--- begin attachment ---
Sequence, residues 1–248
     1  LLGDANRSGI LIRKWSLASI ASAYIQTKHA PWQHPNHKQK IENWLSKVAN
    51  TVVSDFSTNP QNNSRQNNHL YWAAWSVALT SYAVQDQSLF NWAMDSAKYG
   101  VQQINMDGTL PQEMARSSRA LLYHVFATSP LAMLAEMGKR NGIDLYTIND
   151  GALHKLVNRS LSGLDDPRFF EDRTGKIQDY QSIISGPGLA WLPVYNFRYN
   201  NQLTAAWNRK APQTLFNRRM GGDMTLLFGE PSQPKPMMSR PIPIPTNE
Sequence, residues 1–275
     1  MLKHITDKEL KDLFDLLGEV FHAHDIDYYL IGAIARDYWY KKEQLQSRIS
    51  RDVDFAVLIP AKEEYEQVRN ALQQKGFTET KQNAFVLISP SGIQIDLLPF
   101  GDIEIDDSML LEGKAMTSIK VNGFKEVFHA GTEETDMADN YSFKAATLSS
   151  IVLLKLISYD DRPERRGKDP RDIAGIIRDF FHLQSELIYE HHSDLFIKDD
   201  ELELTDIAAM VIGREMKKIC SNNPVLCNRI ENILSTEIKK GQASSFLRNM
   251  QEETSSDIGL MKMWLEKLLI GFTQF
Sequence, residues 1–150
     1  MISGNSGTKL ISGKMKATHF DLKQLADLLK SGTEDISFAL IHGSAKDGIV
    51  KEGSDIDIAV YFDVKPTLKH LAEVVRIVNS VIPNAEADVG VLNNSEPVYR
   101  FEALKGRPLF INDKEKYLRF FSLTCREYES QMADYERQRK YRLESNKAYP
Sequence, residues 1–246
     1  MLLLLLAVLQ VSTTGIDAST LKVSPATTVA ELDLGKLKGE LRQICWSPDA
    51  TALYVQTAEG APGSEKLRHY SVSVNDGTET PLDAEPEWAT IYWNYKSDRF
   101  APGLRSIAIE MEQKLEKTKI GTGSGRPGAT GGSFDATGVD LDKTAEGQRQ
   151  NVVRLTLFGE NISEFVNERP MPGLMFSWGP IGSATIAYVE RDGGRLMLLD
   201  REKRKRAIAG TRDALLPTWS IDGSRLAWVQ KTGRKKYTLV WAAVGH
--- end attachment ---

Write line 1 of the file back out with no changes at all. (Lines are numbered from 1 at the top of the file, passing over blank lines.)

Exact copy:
Sequence, residues 1–248